"Your signature and imprint on San Francisco life will be recognized for a long, long time," said Tom Ammiano, whose 1999 run for mayor was fueled by backlash against Brown.
"It's extraordinary how you've put your heart and soul into this job," said committed Willie foe Aaron Peskin, after wracking his brain for something nice to say.
"I can't help but think of all the political bodies you've served in," said Gerardo Sandoval, apparently without irony.
"Thank you for making me acting mayor for a couple days," said Jake McGoldrick, with clear ironic intent.
"I truly wish you well," said tersely diplomatic board President Matt Gonzalez.
Sophie Maxwell thanked Brown for teaching her how to avoid the appearance of taking bribes. Chris Daly, who inspired the most venom-filled of all the ex-mayor's public relationships, didn't attend. Brown's former director of neighborhood services, Bevan Dufty, said Brown was like the father he never had. Brown's other protégé on the board, now-Mayor Gavin Newsom, told Gonzalez he didn't feel well enough to give a tribute and sat silently.
With the close of the afternoon's feeble toasts, Willie Brown ended his mayoralty with the same status he held at the finish of his Assembly career: as a stylish symbol of poor public integrity. And amid all the social laughter, there seemed to echo the promise of a more idealistic era in San Francisco. A new mayor, the residual vigor of the progressive Matt Gonzalez campaign, the continued vitality of a new-blood Board of Supervisors -- all seemed to combine into something resembling political renewal.
But appearances can deceive.
Though he wasn't physically there last Tuesday, a political rainmaker very much in the style of old Willie Brown haunted the board meeting. This doppelgänger is also driven by insatiable ego, with only passing interest in public policy. He's a cynical master of the political and financial quid pro quo, a man fascinated with the exercise of power.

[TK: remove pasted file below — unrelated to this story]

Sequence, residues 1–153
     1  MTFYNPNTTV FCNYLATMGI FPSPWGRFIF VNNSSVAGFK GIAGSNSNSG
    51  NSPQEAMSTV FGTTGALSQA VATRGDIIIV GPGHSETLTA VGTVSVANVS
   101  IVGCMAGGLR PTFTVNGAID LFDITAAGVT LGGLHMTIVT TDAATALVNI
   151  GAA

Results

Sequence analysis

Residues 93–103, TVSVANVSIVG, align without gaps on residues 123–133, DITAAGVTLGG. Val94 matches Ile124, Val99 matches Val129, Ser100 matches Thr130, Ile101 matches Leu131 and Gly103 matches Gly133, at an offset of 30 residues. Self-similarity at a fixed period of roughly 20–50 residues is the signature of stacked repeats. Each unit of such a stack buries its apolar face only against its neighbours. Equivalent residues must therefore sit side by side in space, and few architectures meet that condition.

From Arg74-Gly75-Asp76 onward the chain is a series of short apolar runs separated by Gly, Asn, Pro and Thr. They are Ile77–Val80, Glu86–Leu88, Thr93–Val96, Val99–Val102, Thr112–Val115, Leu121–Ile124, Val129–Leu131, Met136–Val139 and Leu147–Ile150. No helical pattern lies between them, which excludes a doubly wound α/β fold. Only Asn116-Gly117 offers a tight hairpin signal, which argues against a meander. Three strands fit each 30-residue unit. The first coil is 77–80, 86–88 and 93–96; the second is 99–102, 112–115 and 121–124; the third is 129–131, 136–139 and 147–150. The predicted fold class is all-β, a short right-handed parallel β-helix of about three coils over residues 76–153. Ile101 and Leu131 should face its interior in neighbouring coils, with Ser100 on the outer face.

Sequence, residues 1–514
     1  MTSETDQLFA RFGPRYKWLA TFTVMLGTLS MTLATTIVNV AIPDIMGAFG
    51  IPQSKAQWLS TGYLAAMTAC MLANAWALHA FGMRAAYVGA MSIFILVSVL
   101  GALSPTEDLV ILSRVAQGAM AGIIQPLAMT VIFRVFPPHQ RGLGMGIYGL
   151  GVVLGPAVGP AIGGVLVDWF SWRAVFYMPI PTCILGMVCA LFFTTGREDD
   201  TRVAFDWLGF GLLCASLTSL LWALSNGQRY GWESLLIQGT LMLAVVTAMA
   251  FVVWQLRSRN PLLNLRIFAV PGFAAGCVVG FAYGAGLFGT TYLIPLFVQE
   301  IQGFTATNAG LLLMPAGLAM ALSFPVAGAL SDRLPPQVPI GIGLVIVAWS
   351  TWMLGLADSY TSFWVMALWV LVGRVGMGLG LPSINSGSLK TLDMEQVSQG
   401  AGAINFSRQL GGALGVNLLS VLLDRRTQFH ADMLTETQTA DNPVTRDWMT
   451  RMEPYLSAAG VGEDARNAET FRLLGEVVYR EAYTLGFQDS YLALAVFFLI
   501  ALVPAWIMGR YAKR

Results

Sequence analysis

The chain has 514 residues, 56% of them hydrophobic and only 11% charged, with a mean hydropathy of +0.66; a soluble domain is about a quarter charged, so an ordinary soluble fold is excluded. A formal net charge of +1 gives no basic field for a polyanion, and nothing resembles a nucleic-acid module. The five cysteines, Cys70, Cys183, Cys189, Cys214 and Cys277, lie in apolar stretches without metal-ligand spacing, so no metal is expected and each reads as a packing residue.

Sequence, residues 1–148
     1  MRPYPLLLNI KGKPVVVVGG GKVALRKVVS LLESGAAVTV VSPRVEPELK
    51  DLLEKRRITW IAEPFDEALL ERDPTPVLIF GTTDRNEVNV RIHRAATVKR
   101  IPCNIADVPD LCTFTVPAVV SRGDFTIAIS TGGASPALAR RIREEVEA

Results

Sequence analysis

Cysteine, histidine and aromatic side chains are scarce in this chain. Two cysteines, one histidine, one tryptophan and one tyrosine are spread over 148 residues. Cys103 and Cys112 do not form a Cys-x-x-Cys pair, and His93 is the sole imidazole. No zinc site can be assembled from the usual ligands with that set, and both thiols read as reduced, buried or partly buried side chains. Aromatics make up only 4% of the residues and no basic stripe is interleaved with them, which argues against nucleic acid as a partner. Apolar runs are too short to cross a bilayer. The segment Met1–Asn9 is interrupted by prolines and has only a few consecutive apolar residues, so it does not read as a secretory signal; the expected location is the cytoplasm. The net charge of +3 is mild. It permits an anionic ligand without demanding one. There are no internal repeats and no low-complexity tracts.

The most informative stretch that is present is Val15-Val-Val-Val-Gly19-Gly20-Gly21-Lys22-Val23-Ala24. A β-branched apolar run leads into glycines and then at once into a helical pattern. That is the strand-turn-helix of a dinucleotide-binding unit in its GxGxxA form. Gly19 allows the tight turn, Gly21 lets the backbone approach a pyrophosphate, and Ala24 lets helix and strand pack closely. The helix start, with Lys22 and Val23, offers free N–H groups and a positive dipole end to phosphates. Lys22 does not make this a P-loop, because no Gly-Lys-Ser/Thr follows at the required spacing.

Willie Brown's departure coincides with a peculiar consolidation of influence by real estate speculator, campaign consultant, and former mayoral candidate Clinton Thomas Reilly. Without anyone seeming to notice, Reilly has taken steps during the past four years to become a sort of shadow ayatollah of San Francisco, enjoying an extraordinarily influential relationship with members of the Board of Supervisors and playing a clandestine, yet apparently significant, role in the candidacy and mayoralty of Gavin Newsom. Now, he appears to be cashing in chits, seeking to pressure Newsom to appoint his wife, Janet, to the new mayor's vacant supervisor seat. Whether or not Reilly succeeds, he apparently believes Newsom has reasons to seriously consider his wishes.
Reilly's defenders, many of whom have received money from him, see no harm in the Newsom connection. It's only natural a longtime player should wish to keep his hand in the pot, they say. His role in the Newsom campaign came at just the right time, this thinking says. And as for attempting to get his wife as proxy on the board, they say, she's qualified for the post. And, they insist, there is no fundamental conflict between Reilly's mayoral and supervisorial interests. The money, strategic advice, and friendship he offers at least half the members of the Board of Supervisors emerge from a personal desire to do good, according to this line of argument.